To be hypocritical for a second here, I’m the biggest softy when it comes to businesses I want to work with and will always accommodate budgets and go the extra mile if I genuinely love the people in the business. It’s not uncommon for me to work to a lower budget for a genuine business. However ‘genuine’ is the key factor here as there are many and I mean loads of people out there who are ruthless and just after paying peanuts for work, it is through time and experience that you will learn to tell these types from a mile away. Stay strong and don’t be bullied by their tactics. Remember it’s up to you to take on the work or not and if you don’t feel comfortable then give it a miss. Chances are if they are after the moon on a stick for next to nothing, they are not going to be a particularly nice client to work with anyway. So save yourself the hassle and just say no thank you!
You Don’t Have to Take on Every Job
You might feel, especially at the beginning, that you have to take on anything and everything that comes your way to establish yourself and get some much-needed income. Don’t be tempted to do this as this way of working will only come round and bite you on the bum later – whether that be in the form of an angry spouse asking why you are never home as you’ve taken on so much work or a company chasing bills that you haven’t paid as you have taken on too much work for so little money. The best advice here is to be clear that as you are building a brand, you need to make sure that you only take on work that aligns with your brand values and the image you want to create for your business. For instance, in my case I love start-ups and small/micro business and can’t stand large faceless corporations. As such, I only take on work from those smaller ones. I will never be rich as they don’t have huge budgets, but I will be happy with the work I’m doing and that is ultimately what it’s all about. Yes, I could double my income by working with large businesses but I would be unhappy, and in that instance I’ve always said I would be better off going being unhappy in a ‘regular’ job somewhere – where it’s 9-5 and I’m guaranteed a regular income!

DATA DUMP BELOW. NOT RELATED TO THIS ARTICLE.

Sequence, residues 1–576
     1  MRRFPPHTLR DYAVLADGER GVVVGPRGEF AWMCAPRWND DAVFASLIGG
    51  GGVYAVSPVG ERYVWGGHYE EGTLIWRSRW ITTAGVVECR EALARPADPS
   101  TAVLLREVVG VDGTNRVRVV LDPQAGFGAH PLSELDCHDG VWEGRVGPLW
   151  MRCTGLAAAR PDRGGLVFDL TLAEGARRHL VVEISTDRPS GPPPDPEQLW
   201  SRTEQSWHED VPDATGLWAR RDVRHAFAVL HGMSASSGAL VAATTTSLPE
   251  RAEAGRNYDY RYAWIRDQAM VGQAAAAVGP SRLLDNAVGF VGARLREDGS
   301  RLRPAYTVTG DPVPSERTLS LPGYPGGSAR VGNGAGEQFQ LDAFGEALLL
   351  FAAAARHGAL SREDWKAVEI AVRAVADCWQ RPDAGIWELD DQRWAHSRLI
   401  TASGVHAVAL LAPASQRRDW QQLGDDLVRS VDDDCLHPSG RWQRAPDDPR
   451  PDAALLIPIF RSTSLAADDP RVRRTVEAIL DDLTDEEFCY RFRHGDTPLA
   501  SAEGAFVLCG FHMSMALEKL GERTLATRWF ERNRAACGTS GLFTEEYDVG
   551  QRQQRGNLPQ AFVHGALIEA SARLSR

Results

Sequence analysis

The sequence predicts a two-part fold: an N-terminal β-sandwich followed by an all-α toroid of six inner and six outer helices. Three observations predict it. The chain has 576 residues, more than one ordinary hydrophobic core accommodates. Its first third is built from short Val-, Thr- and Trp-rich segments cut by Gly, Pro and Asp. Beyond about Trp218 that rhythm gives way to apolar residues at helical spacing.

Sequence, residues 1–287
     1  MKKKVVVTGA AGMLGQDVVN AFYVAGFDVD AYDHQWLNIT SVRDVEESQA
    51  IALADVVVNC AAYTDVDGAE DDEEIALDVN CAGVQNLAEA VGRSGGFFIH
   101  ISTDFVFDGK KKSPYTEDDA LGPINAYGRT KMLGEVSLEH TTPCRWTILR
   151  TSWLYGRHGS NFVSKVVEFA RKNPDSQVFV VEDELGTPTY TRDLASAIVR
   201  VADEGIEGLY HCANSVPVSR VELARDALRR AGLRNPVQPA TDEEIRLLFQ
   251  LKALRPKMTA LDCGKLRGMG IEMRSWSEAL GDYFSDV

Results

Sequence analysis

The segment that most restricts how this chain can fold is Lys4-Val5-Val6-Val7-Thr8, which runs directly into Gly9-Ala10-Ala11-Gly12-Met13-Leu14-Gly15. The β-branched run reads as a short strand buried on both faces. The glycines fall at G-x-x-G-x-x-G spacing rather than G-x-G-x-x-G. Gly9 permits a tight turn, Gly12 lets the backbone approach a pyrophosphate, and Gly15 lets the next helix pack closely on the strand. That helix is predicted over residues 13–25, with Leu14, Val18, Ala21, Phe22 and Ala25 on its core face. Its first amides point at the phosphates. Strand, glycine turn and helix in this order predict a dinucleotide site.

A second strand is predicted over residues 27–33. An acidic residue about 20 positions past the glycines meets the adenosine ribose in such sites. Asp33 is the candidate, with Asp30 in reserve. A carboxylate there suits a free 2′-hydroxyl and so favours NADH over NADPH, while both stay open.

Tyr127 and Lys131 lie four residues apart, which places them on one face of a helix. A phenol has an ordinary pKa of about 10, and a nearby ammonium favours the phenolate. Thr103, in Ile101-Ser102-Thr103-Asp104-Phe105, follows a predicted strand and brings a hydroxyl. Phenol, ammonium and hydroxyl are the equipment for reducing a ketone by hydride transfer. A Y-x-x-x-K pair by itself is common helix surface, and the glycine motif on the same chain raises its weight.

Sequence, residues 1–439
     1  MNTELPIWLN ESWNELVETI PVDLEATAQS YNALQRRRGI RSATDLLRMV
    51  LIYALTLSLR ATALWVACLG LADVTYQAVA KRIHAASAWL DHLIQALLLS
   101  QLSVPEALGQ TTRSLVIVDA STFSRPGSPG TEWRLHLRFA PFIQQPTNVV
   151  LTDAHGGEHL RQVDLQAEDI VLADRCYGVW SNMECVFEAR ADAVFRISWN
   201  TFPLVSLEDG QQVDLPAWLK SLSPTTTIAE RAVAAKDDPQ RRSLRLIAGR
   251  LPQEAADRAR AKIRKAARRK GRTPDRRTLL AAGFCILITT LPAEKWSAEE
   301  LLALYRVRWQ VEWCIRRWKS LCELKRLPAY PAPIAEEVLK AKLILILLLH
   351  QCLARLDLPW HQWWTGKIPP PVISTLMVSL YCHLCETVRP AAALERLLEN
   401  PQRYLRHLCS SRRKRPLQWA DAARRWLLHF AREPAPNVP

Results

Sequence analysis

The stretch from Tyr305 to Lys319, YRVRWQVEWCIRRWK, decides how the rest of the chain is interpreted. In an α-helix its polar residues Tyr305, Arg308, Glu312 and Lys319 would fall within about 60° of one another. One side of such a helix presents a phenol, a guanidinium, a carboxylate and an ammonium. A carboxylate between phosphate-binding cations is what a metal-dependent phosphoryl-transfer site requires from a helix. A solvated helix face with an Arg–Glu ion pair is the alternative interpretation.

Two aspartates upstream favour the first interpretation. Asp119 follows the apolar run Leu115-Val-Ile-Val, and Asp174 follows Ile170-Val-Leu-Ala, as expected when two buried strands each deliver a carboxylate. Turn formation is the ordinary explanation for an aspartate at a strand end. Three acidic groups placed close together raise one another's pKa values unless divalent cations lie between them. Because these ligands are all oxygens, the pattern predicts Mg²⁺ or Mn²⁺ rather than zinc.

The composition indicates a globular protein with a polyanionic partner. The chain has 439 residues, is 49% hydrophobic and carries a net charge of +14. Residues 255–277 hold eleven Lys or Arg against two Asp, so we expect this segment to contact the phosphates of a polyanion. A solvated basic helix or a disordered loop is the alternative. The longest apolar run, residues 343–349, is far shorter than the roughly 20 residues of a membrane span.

The main point here is that you are allowed to turn jobs down. There’s no doubt that along the way it will be tough and sometimes an opportunity may present itself that may not be what you want to do, and as tempting as it might be to grab the opportunity, be it through someone’s suggestion or your own financial worry, this is when you need to be balanced in your focus. Being too scattered and grabbing whatever work comes your way can compromise your reputation, focus and your passion. Ultimately, your work has to sit well with your core values, not significantly infringe on other work enough to interfere with quality, and it must never negatively impact on your personal life. Easier said than done I know!